The purpose of this systematic review and meta-analysis was to examine the relationships between neighborhood socioeconomic status (nSES) and sleep duration in children aged 0–18 years.
The database search yielded 6080 potentially eligible studies, 1210 of which were chosen for full-text review and eight of which met the inclusion criteria. There were 67,677 unique participants in the study. The research was carried out in either the United States or Australia. Poorer nSES was linked to shorter child sleep duration (odds ratio: 1.262; 95 percent confidence interval: 1.086–1.467), according to pooled estimates. Sleep assessment type (self-report versus actigraphy), child sex/gender, and child race/ethnicity all moderated the relationship between nSES and sleep.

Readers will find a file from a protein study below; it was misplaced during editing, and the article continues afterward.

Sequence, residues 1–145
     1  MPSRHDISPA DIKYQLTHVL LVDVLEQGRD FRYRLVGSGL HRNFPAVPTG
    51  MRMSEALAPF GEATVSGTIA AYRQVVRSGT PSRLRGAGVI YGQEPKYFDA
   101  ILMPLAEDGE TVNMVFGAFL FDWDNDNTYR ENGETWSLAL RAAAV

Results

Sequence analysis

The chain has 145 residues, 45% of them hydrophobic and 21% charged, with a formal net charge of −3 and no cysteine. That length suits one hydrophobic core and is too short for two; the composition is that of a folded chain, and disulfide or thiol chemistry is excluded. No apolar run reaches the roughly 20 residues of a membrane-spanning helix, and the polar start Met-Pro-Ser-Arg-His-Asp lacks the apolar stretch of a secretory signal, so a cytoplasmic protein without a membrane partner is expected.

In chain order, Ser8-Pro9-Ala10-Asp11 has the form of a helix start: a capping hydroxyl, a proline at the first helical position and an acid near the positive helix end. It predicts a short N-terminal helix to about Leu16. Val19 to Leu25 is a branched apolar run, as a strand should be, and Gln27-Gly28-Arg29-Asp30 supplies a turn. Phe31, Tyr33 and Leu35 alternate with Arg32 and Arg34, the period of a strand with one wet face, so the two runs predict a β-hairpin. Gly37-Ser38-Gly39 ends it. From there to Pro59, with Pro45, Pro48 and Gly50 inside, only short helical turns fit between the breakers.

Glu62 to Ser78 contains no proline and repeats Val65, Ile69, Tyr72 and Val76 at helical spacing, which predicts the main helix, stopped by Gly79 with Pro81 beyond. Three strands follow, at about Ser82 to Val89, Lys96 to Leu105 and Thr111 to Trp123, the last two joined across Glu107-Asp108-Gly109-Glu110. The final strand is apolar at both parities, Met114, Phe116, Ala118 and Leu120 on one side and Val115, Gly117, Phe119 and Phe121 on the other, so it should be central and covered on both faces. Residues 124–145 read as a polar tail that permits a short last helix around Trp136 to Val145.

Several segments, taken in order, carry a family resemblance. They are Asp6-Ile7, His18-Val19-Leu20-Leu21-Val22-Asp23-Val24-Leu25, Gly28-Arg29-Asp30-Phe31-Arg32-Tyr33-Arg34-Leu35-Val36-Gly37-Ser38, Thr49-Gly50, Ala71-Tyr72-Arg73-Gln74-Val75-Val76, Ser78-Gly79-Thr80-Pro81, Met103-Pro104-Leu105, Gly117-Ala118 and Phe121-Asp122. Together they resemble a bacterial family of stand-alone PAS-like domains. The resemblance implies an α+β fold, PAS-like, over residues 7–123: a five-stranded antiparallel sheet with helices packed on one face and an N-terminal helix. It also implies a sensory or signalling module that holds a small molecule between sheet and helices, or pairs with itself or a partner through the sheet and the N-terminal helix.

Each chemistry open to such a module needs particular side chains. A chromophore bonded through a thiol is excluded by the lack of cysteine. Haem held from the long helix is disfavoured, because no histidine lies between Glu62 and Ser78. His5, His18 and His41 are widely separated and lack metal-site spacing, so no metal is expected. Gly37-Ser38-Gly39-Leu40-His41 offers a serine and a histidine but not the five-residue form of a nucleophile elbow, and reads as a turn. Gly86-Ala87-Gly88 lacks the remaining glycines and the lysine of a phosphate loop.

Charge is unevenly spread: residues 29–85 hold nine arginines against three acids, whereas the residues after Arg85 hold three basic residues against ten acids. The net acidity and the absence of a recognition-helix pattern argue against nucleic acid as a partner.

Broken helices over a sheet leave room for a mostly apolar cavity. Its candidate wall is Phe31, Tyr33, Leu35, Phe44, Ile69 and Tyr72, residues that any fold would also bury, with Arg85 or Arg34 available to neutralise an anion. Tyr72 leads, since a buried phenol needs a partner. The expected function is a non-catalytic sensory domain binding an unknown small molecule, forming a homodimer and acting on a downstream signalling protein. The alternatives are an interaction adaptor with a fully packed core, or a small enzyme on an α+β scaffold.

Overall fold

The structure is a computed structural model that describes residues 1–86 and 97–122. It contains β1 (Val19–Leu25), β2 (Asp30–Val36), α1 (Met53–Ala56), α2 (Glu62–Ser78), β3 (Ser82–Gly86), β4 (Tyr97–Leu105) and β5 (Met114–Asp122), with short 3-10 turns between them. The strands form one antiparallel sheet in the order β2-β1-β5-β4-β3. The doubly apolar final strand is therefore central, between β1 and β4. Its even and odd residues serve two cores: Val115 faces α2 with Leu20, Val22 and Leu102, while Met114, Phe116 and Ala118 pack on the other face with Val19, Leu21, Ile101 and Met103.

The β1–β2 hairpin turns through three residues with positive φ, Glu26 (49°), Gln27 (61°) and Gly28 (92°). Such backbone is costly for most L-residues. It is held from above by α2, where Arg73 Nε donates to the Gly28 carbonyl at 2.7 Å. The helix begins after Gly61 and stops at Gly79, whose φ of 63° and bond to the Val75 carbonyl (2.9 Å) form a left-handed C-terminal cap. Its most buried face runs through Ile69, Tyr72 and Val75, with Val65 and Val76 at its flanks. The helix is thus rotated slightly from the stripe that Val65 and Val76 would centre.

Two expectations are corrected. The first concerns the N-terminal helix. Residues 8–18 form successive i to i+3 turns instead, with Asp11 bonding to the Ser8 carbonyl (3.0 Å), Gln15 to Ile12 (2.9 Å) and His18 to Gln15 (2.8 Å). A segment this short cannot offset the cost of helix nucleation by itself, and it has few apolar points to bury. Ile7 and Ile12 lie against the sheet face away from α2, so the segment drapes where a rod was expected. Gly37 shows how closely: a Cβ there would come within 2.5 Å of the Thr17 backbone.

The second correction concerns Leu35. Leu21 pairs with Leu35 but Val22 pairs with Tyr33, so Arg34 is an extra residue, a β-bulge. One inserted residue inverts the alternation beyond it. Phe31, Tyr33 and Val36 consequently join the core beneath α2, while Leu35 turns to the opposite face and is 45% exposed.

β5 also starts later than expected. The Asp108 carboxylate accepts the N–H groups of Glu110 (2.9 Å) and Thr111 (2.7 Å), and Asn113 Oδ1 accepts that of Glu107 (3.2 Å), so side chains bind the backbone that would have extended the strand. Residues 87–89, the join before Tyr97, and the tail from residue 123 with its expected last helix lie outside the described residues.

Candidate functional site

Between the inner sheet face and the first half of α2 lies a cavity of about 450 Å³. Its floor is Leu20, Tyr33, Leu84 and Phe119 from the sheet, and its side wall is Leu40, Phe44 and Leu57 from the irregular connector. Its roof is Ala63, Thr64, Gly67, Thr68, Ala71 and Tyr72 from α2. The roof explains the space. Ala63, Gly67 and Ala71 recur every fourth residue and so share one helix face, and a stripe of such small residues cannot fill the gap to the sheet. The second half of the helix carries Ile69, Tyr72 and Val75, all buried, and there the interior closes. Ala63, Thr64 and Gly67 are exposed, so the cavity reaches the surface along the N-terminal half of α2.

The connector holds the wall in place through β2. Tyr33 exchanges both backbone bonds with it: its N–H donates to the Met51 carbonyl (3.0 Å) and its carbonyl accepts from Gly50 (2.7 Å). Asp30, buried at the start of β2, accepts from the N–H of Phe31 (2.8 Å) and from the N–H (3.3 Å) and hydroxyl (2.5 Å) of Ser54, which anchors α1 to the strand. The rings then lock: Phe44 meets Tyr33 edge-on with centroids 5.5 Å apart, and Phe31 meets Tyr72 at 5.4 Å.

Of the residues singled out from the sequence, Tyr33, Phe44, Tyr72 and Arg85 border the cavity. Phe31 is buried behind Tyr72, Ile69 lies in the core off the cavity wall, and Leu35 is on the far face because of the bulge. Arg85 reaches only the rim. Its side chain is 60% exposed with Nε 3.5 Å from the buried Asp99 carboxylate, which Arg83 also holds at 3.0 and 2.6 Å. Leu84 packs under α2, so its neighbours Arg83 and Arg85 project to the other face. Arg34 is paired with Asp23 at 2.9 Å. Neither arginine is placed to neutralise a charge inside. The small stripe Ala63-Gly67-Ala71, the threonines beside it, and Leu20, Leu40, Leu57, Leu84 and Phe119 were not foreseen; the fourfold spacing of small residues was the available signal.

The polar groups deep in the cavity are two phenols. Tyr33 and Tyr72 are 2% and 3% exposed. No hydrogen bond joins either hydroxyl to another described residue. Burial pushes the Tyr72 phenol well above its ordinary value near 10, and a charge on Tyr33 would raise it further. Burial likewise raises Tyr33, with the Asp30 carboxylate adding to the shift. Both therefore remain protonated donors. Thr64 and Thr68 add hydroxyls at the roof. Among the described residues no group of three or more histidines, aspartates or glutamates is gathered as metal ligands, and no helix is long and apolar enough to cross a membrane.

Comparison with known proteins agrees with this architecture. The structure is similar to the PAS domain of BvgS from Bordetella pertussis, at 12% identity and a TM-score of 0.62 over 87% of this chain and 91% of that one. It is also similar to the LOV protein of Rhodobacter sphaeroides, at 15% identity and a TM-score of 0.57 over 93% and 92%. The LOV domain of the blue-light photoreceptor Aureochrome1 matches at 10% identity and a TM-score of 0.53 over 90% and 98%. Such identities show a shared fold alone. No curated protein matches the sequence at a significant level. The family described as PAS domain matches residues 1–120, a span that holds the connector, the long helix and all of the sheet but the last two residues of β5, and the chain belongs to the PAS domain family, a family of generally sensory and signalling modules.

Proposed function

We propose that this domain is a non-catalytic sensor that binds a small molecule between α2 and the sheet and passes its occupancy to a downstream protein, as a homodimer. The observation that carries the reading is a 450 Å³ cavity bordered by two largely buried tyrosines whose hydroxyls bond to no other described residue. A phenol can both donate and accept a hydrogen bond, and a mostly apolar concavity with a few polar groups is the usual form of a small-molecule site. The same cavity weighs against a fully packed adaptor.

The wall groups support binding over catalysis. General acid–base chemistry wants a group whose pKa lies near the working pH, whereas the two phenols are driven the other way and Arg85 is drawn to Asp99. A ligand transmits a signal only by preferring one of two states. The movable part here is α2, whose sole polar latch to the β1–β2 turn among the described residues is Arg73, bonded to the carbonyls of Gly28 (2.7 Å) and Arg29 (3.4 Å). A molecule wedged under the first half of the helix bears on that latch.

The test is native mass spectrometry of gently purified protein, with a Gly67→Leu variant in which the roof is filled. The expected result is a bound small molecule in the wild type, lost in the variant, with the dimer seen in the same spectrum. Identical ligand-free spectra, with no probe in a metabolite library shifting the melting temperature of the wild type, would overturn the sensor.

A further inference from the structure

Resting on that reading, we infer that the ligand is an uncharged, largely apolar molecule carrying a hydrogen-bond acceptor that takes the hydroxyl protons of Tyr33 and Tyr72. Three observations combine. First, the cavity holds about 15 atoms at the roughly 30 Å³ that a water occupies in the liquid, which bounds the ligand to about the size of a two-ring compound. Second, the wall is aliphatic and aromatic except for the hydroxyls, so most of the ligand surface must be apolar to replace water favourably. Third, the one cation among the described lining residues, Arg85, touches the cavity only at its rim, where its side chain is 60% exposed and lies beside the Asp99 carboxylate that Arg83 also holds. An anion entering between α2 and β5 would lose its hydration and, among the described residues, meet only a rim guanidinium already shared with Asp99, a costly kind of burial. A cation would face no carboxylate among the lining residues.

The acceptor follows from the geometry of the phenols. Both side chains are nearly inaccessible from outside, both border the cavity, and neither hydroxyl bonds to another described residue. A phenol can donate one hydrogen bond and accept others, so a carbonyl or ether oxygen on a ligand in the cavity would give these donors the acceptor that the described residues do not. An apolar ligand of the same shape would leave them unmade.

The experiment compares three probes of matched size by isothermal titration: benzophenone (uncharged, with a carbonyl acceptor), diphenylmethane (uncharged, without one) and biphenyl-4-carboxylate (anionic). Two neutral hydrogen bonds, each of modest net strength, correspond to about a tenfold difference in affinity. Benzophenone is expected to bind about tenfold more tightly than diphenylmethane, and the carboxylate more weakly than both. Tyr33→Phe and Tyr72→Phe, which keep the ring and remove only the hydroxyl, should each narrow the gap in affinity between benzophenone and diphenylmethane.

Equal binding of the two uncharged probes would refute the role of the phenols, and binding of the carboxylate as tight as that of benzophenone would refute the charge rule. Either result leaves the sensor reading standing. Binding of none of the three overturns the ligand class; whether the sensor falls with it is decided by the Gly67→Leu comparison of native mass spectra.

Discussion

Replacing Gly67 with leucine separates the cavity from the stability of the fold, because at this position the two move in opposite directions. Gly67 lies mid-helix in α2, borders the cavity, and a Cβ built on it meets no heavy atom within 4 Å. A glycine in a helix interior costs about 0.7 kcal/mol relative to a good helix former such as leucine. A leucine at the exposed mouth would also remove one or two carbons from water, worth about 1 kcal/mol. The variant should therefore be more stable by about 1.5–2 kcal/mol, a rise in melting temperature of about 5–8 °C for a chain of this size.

There is a link between nSES and child sleep duration across studies. This study adds child sleep to the growing list of nSES-related child health disparities.